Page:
My Introduction to Toddler Gymnastics

Somebody should have told me that after a session of Parent and Tot gymnastics I would be far more exhausted than my child!

The Class Itself

AJ turned two at Christmas and so we put her into the eagerly awaited gymnastics class for two year olds. Eagerly awaited by her parents, that is. This is a child who climbs up the side of the slide, swings gleefully on the bar up top, zooms down, and gets up with hardly a whimper from a face plant.

Gymnastics.

Or, in this case, obstacle course.

Ricochets Gymnastics has a kids room with smaller equipment and bright colors in addition to their full-size gymnasium for training older girls to compete. For the 2-year-olds they turn it into an obstacle course to run through during the class.

AJ was utterly thrilled by the neat stuff and started playing immediately. But then it was time for the "hello" song around the parachute. This was supposed to involve clapping and jumping and freezing and touching toes and such in unison.

Nope. This was parent exercise time as my husband and I took turns chasing AJ and bring her back, since she kept escaping to go play on the equipment.

Then the course started. This is what they did...

 

  • walked across balance beams (trying not to step on stuffed frogs)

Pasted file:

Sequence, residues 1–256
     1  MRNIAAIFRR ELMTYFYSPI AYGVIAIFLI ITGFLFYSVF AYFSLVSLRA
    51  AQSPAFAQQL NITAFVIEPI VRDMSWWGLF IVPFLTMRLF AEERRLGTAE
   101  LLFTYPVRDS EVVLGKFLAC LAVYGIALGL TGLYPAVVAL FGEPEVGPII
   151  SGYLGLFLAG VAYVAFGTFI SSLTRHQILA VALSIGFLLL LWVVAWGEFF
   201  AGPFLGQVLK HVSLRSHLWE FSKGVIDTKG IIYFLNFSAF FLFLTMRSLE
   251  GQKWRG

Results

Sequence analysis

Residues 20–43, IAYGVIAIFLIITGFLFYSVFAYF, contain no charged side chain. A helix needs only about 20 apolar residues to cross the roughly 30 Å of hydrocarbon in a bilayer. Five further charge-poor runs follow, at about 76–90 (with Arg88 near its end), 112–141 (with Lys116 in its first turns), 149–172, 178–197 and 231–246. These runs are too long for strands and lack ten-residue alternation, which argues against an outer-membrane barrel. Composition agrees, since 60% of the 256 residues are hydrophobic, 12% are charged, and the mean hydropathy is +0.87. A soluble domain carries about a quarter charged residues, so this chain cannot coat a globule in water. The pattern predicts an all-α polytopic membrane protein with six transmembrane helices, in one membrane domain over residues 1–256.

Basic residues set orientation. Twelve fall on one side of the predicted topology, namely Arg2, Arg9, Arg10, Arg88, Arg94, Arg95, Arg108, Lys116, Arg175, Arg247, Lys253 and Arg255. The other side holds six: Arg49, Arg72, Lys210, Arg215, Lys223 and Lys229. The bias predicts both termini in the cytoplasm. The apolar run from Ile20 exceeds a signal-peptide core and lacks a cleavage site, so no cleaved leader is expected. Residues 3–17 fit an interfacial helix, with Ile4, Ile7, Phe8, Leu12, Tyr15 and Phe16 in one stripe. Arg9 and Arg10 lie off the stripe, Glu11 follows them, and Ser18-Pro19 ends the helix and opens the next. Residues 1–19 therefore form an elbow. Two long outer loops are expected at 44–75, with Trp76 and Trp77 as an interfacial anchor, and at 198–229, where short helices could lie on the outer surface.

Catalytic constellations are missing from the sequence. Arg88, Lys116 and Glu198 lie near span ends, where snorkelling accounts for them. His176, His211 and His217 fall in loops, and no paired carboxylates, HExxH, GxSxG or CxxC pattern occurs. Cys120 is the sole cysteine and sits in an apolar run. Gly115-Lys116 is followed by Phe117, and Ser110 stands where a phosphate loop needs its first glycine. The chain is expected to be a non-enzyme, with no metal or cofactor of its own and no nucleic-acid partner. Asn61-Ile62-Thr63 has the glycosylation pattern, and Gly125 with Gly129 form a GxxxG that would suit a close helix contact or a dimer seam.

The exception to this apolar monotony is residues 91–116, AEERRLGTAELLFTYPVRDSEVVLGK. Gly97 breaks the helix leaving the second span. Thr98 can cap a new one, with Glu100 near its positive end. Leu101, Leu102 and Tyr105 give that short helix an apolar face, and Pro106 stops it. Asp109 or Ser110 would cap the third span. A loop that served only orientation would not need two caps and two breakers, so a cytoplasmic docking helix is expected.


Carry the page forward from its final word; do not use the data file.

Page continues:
• traveled through and over cushions before landing in a ball pit
  • rolled down a ramp and running across a path with more cushions
  • climbed a small wall and sliding down the other side
  • swung on bars (like the uneven bars)
  • crawled through a tunnel underneath a raised platform
  • dashed up the stairs and jumped in place on a trampoline
  • ran up a little ramp, swung on a bar, and plopped into a pit full of foam blocks
  • struggled through the foam blocks to get over to the slide
  • slid down in a spiral and went back to the beginning.

 

AJ made it through 2 1/2 times (the trampoline/swinging/foam slide part was so fun it was done twice in a row before we corralled her back to the beginning) with us spotting her and chasing her when she got distracted.

There were six kids in the class and they were supposed to stand on a star on the floor and "freeze" at various point during the course, mostly when they had to wait their turns. Mine didn't do that. Well, by the end, with encouragement, she started putting her hands up in the "freeze" position and pausing for a fraction of a nanosecond. So it was a start.

Then there was the "byebye" song. More escaping. Although a little participation this time.

As we stumbled out to our car we asked her what her favorite part was. "Jumping" And did she want to go back next week. "Uh-huh" with vigorous up and down head shaking.

Whew.

It's not a cheap activity but I think it's worth the money. For one thing, she had a lot of fun. But she's also going to get some practice in doing things at the right time and waiting her turn. And she will learn how to control her body a bit more when she charges ahead, which will hopefully keep her a little bit safer. Which was rather the point in the first place.

The Morning After

My daughter normally wakes up between 6:15 and 6:45. Friday morning we were dragging her out of bed at 7:15. She didn't open her eyes until she had her juice cup (think COFFEE!! for toddlers) in her hand five minutes later.

I think we finally found a way to wear her out.